INKPOT#65 CLASSICAL MUSIC REVIEWS: TCHAIKOVSKY Manfred Symphony. Oslo PO/Jansons (Chandos)
Piotr Illyich TCHAIKOVSKY (1840-1893) Manfred Symphony in B minor, Op.58
Oslo Philharmonic Orchestra
conducted by Mariss Jansons
CHANDOS CHAN 8535
by Lim Song Ann
Manfred is a long dramatic poem by Lord Byron (1788-1824). In addition to Schumann’s well-known overture, Tchaikovsky also used as inspiration for music. I am surprised to learn that his Manfred Symphony was written between his Fourth and Fifth Symphonies, which are by far much more popular. In fact, after its premiere in 1886, Tchaikovsky wrote to his patroness, Mdm von Meck, claiming that Manfred was his best symphonic composition so far.Tchaikovsky provided a literary key to all four movements, similar to what Berlioz did when he composed the Symphonie fantastique. The ‘Manfred’ theme, representing the hero, is repeated throughout the whole work. Such programme symphonies allow the listener to stretch and feed his imagination on top of providing pure musical satisfaction.
Tchaikovsky mentioned that the first movement was not to depict a certain scene but to reflect Manfred’s state of mind. “Manfred wanders in the Alps, tormented by doubt and racked by remorse and despair at the memory of Astarte whom he has loved and lost”. The movement opens with the woodwinds playing the Manfred theme and the strings playing detached chords which sound like the hammer blows of his fate. The strings continue with accented long notes and here, the Oslo Phil plays with such great intensity that one cannot but deeply sense the remorse and despair. This is in my listening experience one of the most powerful motifs depicting such emotions.
Shortly into the first movement, the orchestra reaches the first climax with a brilliant fanfare. The Oslo brass section plays with confidence, projecting a clear and bright tone. The sounds of the strings and brass are well-balanced by Chandos’ engineers during the fanfare passages. It is irritating when a fanfare passage is drowning the strings, pretty common in many recordings.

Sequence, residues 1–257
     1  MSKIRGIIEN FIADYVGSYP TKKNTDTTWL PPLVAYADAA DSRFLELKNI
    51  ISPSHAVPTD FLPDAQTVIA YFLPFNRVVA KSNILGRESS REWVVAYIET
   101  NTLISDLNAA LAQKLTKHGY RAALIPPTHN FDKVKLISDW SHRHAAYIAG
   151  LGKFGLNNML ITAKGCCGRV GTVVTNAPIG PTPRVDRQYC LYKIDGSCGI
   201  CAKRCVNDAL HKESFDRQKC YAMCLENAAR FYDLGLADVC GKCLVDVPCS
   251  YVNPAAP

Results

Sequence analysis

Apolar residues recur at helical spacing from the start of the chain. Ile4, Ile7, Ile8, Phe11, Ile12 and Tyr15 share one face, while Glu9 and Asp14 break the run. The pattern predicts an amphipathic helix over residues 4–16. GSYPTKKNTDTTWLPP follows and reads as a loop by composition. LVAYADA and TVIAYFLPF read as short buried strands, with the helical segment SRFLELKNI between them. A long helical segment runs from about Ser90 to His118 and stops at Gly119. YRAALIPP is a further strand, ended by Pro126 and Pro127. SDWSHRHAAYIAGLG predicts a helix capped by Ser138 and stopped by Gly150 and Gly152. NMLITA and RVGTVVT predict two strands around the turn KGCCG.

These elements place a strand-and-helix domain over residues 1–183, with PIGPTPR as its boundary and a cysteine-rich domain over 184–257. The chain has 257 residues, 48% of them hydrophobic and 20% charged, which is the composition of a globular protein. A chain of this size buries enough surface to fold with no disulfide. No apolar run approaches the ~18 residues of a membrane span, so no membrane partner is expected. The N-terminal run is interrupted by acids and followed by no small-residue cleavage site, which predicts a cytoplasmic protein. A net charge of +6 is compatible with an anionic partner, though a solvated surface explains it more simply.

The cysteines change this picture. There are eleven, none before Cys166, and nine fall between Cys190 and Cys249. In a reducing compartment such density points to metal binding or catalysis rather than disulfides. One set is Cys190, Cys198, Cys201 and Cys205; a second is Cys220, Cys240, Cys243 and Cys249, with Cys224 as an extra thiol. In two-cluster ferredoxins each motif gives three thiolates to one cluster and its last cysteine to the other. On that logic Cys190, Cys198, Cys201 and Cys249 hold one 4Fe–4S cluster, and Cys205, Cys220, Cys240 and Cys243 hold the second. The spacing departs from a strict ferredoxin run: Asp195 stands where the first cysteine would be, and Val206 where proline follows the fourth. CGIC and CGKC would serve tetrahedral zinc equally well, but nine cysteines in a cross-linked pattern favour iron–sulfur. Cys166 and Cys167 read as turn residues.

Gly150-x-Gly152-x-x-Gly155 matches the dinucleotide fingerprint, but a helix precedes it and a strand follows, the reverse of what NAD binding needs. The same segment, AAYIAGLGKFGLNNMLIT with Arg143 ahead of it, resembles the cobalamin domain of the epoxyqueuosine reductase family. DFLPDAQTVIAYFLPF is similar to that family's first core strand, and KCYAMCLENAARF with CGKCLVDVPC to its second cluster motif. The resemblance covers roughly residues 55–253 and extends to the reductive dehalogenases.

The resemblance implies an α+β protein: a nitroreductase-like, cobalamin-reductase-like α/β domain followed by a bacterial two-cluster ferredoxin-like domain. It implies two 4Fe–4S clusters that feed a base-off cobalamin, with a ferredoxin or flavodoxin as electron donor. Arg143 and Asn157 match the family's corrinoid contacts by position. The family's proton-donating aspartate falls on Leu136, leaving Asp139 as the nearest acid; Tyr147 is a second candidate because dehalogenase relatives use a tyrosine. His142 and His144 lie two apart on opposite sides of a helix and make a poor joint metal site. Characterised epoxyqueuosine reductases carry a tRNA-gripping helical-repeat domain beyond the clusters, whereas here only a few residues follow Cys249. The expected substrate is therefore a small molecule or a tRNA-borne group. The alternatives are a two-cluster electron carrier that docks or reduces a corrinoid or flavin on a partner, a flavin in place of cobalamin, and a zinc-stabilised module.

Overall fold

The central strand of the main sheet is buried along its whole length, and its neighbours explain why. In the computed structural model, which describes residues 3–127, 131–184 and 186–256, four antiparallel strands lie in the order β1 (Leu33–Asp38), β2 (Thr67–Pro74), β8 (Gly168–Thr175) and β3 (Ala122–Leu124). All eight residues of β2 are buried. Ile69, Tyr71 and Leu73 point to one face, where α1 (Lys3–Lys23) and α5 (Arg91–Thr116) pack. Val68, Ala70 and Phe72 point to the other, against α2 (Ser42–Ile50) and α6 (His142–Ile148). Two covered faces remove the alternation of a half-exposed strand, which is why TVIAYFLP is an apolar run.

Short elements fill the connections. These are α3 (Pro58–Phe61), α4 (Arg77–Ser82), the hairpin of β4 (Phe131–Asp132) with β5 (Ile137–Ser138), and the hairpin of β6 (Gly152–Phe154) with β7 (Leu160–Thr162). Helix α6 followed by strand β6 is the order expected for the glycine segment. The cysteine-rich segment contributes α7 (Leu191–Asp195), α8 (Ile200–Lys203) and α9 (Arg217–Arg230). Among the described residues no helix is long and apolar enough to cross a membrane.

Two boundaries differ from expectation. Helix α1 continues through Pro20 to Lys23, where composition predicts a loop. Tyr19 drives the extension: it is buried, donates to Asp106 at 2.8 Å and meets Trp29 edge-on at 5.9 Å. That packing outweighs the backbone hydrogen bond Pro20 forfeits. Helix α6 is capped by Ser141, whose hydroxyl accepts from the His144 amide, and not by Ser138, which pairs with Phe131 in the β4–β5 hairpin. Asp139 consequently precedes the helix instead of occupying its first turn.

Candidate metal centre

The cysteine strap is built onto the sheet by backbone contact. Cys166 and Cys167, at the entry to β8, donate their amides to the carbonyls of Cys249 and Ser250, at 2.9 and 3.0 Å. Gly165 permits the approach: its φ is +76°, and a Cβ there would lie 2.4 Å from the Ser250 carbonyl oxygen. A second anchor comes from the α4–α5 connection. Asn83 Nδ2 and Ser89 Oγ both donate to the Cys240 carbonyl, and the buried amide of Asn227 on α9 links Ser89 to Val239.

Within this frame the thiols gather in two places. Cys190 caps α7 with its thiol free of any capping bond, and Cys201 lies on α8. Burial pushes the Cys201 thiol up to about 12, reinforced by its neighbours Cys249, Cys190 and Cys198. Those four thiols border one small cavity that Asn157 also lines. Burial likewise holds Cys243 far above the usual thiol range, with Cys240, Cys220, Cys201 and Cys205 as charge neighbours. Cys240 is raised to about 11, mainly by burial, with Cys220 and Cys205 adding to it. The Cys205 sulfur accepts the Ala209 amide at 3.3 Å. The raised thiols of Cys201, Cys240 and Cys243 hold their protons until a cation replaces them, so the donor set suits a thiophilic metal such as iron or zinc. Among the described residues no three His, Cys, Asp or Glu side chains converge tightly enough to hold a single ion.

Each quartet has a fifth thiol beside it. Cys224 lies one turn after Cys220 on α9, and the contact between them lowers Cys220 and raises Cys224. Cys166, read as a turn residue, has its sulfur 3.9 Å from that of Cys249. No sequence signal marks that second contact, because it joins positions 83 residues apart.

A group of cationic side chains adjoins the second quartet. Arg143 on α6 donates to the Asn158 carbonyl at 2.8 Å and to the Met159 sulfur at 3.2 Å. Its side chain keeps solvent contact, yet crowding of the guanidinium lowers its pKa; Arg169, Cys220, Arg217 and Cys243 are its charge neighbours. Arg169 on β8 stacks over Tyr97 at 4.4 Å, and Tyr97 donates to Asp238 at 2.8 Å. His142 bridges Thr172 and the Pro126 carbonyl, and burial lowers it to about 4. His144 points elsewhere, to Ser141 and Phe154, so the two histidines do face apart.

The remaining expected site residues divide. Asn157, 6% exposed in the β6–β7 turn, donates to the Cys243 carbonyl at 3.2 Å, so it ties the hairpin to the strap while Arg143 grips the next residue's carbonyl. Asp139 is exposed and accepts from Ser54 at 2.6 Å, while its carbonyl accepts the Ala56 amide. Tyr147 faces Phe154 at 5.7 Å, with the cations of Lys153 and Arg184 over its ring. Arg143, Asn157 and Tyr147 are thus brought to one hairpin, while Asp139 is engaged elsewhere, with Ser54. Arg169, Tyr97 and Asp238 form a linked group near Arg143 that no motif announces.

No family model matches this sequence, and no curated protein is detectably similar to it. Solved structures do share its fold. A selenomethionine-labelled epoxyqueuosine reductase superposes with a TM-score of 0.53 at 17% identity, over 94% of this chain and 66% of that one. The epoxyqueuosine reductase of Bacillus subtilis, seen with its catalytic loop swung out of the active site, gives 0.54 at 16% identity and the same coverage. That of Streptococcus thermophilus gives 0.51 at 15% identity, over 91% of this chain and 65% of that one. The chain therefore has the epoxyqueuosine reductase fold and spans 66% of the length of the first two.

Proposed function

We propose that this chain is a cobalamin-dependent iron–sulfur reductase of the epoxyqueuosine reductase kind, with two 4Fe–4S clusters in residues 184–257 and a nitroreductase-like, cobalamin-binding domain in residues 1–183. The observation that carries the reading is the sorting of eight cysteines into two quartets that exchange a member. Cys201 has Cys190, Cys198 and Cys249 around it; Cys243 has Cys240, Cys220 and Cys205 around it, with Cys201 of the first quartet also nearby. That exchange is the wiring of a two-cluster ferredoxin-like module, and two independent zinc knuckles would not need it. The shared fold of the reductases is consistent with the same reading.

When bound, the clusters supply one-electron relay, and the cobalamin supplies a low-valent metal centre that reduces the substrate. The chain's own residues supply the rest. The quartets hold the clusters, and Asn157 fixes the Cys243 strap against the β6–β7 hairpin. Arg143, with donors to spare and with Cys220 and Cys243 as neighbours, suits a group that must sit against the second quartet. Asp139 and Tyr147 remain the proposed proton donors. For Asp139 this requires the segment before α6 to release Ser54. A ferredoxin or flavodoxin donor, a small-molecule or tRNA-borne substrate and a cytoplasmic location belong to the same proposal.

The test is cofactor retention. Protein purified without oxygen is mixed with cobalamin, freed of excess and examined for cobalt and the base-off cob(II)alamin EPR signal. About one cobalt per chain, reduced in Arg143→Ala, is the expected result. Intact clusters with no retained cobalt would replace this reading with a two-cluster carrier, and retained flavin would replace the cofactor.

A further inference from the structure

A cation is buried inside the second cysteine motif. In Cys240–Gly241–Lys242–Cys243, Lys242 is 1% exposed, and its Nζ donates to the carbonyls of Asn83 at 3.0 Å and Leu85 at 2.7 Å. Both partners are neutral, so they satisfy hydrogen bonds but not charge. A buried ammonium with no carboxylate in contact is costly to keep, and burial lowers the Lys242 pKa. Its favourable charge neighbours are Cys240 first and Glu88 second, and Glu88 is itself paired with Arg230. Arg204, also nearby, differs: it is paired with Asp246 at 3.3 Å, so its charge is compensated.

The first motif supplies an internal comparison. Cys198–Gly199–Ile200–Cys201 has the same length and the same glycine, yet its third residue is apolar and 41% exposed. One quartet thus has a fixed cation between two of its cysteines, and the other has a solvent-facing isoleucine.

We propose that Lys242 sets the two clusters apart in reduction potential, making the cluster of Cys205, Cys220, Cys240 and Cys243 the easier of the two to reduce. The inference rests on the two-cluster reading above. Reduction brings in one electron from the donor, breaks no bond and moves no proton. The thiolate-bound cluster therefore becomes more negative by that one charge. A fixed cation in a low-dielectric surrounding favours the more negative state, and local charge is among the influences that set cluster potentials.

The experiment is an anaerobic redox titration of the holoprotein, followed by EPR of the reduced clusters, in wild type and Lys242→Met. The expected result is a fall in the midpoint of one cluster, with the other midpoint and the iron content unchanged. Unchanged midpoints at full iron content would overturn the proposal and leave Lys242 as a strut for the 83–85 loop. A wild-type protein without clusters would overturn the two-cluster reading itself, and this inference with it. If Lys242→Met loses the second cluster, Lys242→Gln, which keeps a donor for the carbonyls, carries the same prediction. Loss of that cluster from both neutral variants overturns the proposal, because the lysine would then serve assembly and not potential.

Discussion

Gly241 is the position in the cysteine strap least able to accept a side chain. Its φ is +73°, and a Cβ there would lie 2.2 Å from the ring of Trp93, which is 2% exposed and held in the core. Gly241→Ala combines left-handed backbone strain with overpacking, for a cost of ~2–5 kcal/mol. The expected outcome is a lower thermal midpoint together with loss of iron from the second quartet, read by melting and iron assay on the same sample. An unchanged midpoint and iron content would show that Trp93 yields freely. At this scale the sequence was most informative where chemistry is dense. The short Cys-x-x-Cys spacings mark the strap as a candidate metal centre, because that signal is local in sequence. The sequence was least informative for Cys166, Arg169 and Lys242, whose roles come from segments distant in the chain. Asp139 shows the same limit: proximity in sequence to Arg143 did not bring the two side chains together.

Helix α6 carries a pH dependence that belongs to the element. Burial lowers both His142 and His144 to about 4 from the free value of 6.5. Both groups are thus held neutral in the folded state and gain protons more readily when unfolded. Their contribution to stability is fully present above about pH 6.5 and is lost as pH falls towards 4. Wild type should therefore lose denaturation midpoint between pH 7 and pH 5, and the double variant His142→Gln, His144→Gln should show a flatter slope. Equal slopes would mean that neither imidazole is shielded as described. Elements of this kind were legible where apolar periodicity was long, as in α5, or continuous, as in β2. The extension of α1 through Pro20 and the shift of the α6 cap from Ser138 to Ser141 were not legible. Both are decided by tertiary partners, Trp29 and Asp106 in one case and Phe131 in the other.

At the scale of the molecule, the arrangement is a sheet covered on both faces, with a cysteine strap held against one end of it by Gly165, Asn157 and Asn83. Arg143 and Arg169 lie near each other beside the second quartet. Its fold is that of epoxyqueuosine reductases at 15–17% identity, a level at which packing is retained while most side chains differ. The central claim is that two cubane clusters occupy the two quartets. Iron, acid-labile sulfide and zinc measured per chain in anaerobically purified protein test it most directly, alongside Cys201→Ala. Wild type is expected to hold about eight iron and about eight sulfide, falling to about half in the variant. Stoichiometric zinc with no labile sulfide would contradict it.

The second movement has the following literary key: “The fairy of the Alps appears to Manfred beneath the rainbow of a waterfall”. Indeed, I can visualise the fairies gliding in the air when the movement opens with the strings playing light spiccato phrases, alternating with the woodwinds. The second theme sounds sweet and very oriental. Oslo’s flautist really impresses me with a sweet tone and delicate phrasings for his solo passage. The movement approaches the end with dimunendo, and is wrapped up by a whizzing ascending major scale on a solo violin. What an interesting way to end. Sounds as if the fairies have just vanished into thin air!
In the third movement “Pastorale”, Tchaikovsky conveys “[t]he simple, free and peaceful life of the mountain folk”. A sweet and gentle oboe melody introduces the movement and the muted strings are playing lethargically. A dreamy mood looms and pastoral serenity is felt. However, these are periodically disturbed by the abrupt entries of the melancholic Manfred theme as well as other ferocious moments. The Oslo Phil plays these passages of different moods with sudden and great contrasts which successfully emphasises the drama in the music. There is a little flaw in this performance though, in which the re-entry of the main theme is marred by messy and out-of-rhythm string playing.
The exciting last movement depicts “the infernal palace of Arimanes where Manfred appears in the midst of a bacchanal. Evocation of the shade of Astarte who predicts the end of his earthly sufferings. Death of Manfred”.
It opens with brilliant brass fanfare and much of the movement is full of running passages for all sections in the orchestra. The Oslo plays with ease and clarity and successfully brings out the drama in the music. Similar to previous movements, no single mood prevails throughout this movement. I love this particular haunting theme that sounds as if Manfred is struggling with death. This is another passage in which the strings are doing tremolo and the horns playing syncopated notes… sounds very much like an amusing cowboy tune. It’s kind of weird to hear this melody from Tchaikovsky, not very typical of his style. The organ is introduced at the end.
Tchaikovsky’s music is always full of beautiful and emotionally charged melodies which he skillfully develops and orchestrates into enchanting works. The Manfred Symphony is one such example which deserves wider attention.
In Singapore, this disc can be found or ordered from Sing Discs (Raffles City), Tower (Pacific Plaza and Suntec City), Borders (Wheelock Place) or HMV (The Heeren).
343: 12.11.98 Lim Song Ann